The potential estimated losses for corn and soybean producers alone could reach $1.17 billion, with beef producer losses adding another $971 million. The analysis further pegged potential losses in the pork sector at $166 million, with dairy losses near $66 million, and $8.7 million in losses related to COVID-19 for wheat growers. The estimates assumed prices wouldn’t improve for the remainder of the year. With the time remaining in 2020, price improvements can change these figures markedly to the better. Yet, the results still demonstrate the potential magnitude of the financial challenges facing farm and ranch families.

Pandemic-Related Financial Assistance

The Coronavirus Aid, Relief, and Economic Security Act (CARES Act), passed in March of 2020, provided many changes that directly impacted farmers. It created both the Paycheck Protection Program (PPP) and Economic Injury Disaster Loans (EIDL). For agriculture, this legislation was unprecedented, because agricultural enterprises had never previously been eligible for disaster assistance from the EIDL. In addition, there were other relief packages enacted specifically targeting agriculture such as the USDA’s many programs providing relief and flexibility to farmers and ranchers during the pandemic. All of these sources of financial assistance have benefited Nebraska agriculture producers and helped bring stability to our nation’s food supply chains.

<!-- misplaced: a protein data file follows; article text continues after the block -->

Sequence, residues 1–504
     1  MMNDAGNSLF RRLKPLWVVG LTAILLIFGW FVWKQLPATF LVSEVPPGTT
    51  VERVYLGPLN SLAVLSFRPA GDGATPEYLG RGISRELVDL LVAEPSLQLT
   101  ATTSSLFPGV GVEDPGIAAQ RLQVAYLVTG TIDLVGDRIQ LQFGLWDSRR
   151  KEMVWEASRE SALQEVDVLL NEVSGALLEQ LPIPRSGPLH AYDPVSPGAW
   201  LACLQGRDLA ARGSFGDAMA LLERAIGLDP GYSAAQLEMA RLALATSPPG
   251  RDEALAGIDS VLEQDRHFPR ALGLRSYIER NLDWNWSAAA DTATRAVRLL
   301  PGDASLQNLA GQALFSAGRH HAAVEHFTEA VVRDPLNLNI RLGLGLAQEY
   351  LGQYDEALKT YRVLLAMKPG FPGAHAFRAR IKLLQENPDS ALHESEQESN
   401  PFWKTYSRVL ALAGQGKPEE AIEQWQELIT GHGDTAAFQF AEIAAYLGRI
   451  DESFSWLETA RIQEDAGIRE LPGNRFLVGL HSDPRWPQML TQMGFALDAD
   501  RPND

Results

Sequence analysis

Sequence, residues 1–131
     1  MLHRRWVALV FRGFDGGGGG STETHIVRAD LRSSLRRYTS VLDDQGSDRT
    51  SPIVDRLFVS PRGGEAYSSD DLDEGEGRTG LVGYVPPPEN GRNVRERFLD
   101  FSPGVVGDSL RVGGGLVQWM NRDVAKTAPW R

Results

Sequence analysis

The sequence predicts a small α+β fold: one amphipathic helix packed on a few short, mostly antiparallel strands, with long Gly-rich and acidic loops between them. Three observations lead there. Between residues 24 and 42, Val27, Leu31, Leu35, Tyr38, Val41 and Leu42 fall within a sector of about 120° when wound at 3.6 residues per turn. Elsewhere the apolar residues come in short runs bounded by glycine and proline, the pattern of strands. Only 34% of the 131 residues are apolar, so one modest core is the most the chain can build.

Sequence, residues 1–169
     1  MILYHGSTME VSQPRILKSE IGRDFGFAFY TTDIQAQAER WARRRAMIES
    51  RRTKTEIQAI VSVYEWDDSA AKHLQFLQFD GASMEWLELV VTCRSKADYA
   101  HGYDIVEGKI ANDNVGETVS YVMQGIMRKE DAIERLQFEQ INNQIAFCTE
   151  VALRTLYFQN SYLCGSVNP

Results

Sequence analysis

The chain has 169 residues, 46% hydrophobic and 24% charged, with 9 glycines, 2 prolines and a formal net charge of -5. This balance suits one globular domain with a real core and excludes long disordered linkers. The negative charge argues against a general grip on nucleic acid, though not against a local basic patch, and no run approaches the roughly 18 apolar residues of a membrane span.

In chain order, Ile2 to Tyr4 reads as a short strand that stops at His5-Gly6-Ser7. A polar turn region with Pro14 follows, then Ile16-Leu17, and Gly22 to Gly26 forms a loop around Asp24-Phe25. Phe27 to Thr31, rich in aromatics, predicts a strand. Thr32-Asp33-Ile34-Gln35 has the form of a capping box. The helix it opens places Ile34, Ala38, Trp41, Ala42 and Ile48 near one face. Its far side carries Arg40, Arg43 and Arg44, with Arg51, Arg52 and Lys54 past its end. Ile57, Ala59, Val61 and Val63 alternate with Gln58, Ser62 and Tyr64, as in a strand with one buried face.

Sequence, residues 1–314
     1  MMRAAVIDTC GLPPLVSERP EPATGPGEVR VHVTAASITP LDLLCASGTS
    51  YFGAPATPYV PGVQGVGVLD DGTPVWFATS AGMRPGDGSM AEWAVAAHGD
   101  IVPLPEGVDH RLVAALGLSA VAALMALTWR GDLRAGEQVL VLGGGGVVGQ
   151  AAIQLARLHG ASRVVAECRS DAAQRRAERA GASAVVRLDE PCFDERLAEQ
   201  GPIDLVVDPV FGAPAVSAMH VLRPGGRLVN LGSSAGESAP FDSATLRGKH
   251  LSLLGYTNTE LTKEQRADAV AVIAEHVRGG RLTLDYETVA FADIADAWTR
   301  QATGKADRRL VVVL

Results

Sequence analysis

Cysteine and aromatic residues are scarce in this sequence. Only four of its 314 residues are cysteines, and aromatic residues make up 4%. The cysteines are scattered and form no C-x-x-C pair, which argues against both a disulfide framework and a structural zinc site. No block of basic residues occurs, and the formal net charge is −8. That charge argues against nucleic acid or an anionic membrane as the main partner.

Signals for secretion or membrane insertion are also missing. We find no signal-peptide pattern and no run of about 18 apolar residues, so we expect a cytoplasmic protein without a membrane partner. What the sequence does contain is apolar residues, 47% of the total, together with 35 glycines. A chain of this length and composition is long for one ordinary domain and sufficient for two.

Paycheck Protection Program (PPP)

The PPP was one of the largest parts of the federal government’s CARES Act relief legislation. The PPP provides loans intended to help small businesses—those with 500 or fewer employees—maintain their payroll, hire back any employees who were laid off, and cover applicable overhead expenses such as rent and utilities. Since the program was approved in late March, Nebraska businesses have received 42,497 loans amounting to more than $3.4 billion.

To legally qualify for a PPP loan, businesses had to self-certify a good-faith determination of need stating that “current economic uncertainty makes this loan request necessary to support the ongoing operations of the applicant.” Analysis of the data show that 90% of Nebraska’s PPP loans were for less than $150,000 and were primarily used by businesses that file under the individual income tax, not the corporate tax. Seventy-five percent of the loans approved are for amounts under $50,000 and loans were received in all 93 Nebraska counties.

Looking at Nebraska’s PPP loans in aggregate, the 3rd congressional district received the greatest number of loans in the state which is partly due to the agriculture sector being one of the hardest hit industries, accounting for 19% of the state’s loans (See Figure 6) and 21,977 jobs (See Table 1). Specifically, corn farming and cattle ranching/farming and feedlots had the most jobs affected.

Figure 6: Portion of Nebraska PPP Loans in Agriculture
Source: SBA Paycheck Protection Program Loan Level Data. (2020, July 6). U.S. Department of the Treasury. https://home.treasury.gov/
policy-issues/cares-act/ assistance-for-small-businesses/sba-paycheck-protec¬tion-program-loan-level-data.

Table 1: Breakdown of Agricultural Jobs Retained by PPP Loans Issued in Nebraska

Other Relief Programs